The U.S. Postal Service Delivers Frustration
There it was - an envelope from my insurance company. It seemed like I had just paid my semi-annual automobile insurance bill last month. I opened it up only to find a letter demanding immediate payment of my insurance bill that was due at the end of last month or my insurance would be cancelled! Had I forgotten to pay it? If so, it would have been the first I'd ever forgotten to pay a bill. In fact, I always pay my bills well ahead of the due date, usually one to two weeks earlier. After looking at my duplicate checks, I was somewhat relieved to discover that this time was no exception. I had written a check for that bill on September 12 and mailed it the following day, well ahead of the September 28 due date. But why hadn't they received payment?
I quickly called my agent, who checked the status of the payment on her internet connection with the home office. Sure enough, no payment had been received yet. Within a few minutes, I arrived at my agent's office to deliver the overdue payment. The U.S. Postal Service had failed me again.
This miscue was just the most recent in a series in which the U.S. Postal Service has stung me. This past April, they delivered my mortgage payment about two months after I had mailed it! That led to my having a drawn-out battle with my mortgage company, during which I got the Comptroller of the Currency involved! That's a long and I won't get into that in this writing.
In February of 2003, my elderly mother mailed a money order to the company that provides her home health care service. Three weeks later, they called and demanded payment because the money order had never arrived. When she reported the lost money order to the party that issued it (the U.S. Postal Service!), she was told that she had to wait 60 days to be reimbursed for the lost money order. Meanwhile, the home health care company wanted their money and was unwilling to wait 60 days to receive it. Since my mother is on a fixed income, I had to take money from own pocket to pay them and then wait for my reimbursement.
In December of 2000, I mailed my nephew a birthday card containing a check, only to have it disappear into thin air. I gave him a replacement check the next time my brother and sister-in-law came by the house, but it was still frustrating for the original card to not arrive and have him think I forgot his birthday.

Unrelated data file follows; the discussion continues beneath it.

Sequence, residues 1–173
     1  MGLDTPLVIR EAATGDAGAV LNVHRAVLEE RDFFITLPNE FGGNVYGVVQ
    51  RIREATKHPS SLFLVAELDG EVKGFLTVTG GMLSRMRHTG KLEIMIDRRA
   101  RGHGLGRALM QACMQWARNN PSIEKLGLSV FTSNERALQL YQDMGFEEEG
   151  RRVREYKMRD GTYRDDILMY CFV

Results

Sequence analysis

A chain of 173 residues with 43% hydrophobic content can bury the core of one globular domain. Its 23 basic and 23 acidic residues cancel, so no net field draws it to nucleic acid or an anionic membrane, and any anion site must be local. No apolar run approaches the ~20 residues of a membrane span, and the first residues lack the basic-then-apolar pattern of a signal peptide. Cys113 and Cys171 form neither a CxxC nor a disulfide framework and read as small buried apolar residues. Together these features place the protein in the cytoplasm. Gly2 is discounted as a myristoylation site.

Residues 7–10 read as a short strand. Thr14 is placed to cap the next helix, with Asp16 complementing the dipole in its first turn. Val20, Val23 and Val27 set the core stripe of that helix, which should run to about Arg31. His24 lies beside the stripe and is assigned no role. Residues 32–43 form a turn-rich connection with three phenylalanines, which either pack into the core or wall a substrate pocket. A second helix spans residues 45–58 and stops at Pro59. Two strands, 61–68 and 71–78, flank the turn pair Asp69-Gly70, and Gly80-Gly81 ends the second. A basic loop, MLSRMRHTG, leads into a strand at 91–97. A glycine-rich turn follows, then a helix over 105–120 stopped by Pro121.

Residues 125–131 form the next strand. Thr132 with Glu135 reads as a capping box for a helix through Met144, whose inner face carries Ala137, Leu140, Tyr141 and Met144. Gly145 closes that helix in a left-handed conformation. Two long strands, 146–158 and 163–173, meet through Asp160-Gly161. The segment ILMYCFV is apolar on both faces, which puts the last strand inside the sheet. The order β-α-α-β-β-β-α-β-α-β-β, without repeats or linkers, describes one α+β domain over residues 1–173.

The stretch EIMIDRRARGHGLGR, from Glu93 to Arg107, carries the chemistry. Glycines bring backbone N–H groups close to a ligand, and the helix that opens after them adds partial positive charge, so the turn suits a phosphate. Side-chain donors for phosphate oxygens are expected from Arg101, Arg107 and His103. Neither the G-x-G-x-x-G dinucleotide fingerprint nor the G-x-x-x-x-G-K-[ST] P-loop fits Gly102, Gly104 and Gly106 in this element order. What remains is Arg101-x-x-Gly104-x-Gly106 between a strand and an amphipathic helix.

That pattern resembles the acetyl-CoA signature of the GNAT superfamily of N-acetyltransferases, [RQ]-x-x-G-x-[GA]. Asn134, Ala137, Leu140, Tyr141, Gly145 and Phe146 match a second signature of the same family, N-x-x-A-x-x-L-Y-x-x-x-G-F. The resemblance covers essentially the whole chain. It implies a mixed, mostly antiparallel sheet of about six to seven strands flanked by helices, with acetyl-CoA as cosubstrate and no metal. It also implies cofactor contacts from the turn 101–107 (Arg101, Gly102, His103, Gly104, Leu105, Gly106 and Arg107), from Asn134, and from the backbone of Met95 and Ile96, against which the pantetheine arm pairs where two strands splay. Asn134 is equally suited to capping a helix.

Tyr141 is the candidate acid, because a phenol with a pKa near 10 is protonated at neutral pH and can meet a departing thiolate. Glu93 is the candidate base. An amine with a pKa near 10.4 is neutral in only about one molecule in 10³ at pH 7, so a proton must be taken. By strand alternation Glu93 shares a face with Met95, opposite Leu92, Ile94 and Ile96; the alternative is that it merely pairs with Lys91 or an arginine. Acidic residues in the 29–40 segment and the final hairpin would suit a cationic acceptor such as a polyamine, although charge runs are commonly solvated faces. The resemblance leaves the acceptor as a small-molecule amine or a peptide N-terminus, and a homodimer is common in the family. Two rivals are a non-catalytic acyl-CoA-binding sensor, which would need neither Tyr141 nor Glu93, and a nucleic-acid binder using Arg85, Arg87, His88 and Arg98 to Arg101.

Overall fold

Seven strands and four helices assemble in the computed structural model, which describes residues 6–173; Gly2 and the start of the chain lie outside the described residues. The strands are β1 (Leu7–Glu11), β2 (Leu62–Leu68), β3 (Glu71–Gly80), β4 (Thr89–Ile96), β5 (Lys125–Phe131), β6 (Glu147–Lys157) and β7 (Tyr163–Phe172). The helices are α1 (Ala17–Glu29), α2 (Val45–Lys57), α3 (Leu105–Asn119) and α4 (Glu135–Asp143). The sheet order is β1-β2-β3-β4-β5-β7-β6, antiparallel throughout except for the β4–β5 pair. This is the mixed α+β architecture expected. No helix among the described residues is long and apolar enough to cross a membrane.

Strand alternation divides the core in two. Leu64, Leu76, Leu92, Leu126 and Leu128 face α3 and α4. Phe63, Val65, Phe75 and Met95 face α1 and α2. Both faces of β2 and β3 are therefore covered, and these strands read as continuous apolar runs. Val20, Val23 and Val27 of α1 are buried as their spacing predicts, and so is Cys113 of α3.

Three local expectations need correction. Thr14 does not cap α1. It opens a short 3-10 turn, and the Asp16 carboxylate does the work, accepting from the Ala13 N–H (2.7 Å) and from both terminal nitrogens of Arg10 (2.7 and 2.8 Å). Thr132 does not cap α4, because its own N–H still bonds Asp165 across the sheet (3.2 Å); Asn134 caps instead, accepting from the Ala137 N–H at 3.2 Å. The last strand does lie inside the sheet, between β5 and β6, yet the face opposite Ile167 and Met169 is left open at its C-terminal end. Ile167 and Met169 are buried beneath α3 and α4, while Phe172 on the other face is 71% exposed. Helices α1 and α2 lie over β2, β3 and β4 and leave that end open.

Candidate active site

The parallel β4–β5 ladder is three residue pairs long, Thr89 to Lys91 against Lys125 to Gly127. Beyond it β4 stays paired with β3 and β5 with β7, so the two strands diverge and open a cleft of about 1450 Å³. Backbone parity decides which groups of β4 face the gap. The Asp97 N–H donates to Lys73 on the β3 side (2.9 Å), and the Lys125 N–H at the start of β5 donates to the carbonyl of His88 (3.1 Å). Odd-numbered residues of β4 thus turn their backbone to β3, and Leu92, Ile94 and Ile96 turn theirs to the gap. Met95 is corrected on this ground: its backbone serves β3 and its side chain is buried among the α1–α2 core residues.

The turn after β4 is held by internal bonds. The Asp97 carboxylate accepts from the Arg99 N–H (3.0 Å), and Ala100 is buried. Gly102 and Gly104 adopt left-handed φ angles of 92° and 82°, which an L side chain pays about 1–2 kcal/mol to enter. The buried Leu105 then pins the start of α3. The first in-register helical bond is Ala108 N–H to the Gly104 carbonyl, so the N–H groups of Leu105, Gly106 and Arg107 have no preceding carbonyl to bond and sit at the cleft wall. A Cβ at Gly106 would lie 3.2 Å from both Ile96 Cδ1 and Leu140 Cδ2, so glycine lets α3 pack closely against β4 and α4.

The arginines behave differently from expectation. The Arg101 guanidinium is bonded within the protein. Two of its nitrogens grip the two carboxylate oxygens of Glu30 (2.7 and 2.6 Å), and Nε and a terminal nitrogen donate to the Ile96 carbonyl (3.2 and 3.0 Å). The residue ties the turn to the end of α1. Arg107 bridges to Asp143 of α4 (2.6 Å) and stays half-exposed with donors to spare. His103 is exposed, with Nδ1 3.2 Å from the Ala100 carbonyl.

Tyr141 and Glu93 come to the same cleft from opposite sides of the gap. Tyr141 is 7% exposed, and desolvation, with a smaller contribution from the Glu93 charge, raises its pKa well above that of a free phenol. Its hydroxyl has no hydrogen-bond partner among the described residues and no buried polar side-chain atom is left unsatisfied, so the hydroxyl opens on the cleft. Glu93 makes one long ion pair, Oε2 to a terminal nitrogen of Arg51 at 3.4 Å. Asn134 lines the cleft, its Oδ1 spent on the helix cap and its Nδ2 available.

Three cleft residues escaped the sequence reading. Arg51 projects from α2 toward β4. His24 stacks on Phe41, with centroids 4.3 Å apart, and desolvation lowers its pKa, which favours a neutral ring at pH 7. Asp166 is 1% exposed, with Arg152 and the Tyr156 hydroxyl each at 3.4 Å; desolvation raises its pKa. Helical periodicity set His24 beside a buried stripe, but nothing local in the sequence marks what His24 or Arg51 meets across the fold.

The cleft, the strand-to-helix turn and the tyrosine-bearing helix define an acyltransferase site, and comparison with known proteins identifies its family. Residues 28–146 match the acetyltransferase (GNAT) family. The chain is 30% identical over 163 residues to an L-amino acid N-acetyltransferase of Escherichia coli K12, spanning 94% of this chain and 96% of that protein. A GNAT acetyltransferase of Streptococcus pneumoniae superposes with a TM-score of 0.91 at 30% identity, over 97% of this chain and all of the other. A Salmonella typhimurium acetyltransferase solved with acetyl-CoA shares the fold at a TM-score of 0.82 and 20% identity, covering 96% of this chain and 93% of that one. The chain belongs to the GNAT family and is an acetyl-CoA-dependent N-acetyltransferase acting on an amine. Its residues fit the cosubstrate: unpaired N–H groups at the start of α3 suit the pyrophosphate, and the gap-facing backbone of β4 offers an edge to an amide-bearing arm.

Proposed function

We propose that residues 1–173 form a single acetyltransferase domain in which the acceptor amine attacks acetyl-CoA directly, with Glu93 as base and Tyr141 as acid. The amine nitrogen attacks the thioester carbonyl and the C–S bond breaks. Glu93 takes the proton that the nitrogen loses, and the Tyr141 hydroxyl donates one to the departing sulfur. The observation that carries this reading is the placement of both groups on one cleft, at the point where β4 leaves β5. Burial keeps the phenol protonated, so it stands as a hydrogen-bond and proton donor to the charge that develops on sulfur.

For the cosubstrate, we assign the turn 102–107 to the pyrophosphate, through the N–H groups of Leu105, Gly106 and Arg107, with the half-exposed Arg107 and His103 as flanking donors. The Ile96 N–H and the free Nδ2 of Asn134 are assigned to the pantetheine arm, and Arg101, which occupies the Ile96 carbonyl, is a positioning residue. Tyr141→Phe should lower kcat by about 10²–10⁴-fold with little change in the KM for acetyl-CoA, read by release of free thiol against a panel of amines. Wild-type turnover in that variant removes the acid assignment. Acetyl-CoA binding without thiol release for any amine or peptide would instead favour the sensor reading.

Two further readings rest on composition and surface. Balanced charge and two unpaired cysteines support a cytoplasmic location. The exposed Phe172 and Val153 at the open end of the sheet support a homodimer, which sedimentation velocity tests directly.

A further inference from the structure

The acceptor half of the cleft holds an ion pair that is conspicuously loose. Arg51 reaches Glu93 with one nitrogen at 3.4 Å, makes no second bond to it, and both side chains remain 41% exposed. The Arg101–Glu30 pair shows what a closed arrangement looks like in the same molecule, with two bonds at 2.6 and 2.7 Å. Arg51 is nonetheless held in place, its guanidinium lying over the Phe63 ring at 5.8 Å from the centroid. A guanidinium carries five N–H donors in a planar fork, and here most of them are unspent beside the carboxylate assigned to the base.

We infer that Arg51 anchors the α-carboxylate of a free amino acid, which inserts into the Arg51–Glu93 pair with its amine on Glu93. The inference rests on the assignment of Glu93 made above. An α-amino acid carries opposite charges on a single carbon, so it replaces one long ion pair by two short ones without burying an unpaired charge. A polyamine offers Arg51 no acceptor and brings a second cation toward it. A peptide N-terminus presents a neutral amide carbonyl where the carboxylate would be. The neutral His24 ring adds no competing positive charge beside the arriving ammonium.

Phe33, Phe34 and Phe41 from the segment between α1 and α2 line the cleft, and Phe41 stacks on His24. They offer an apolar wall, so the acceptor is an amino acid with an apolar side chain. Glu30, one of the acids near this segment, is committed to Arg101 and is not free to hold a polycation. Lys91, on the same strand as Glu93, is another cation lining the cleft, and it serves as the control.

By the way, I simply refuse to do stop payment orders. It's too much hassle. I keep enough in my checking account to insure that I won't overdraw. Like I said, the mortgage company received my check two months later, so they credited my account for a future month's payment. If my insurance company eventually receives the payment that hasn't arrived yet, they'll credit me for a future installment. Even if someone has stolen the check, they'd have a hard time cashing it without getting caught.
What's so unfair is that the U.S. Postal Service is not held liable for mistakes it makes with first class mail. Instead, its customers are the ones who are held accountable. When my mortgage payment did not arrive on time and my insurance payment failed to arrive, did my mortgage company and insurance company contact the post office for their payments? Of course not, they contacted me. Did they contact the post office after I explained the situations to them? No, the ball of responsibility for making those payments was still in my court. I cannot think of any other institution whose customers are blamed for its mistakes.
When one uses the U.S. Postal Service to deliver first class mail, that person has everything to lose and nothing to gain. It's a sucker bet, a "heads we win, tails you lose" proposition. You might as well roll the dice in Las Vegas. Heck, in Vegas, at least you have a chance to win; a small chance, mind you, but still a chance to come out ahead. With the U.S. Postal Service, the best you can do is break even, and that's happening less and less often.
I have made up my mind to avoid the U.S. Postal Service for as many bills and payments as I possibly can. I cannot "fire" the postal service, but I can stop using them except in situations for which I have no other choice. Now, the first question I will always ask is: Can this payment be made electronically or by just hand-carrying it? If the answer to that question is "yes", then I will exercise that option. Someday, we might have alternatives to the U.S. Postal Service for every kind of mail. We can only hope.
About the Author: Terry Mitchell is a software engineer, freelance writer, and trivia buff from Hopewell, VA. He also serves as a political columnist for American Daily and operates his own website - http://www.commenterry.com - on which he posts commentaries on various subjects such as politics, technology, religion, health and well-being, personal finance, and sports. His commentaries offer a unique point of view that is not often found in mainstream media.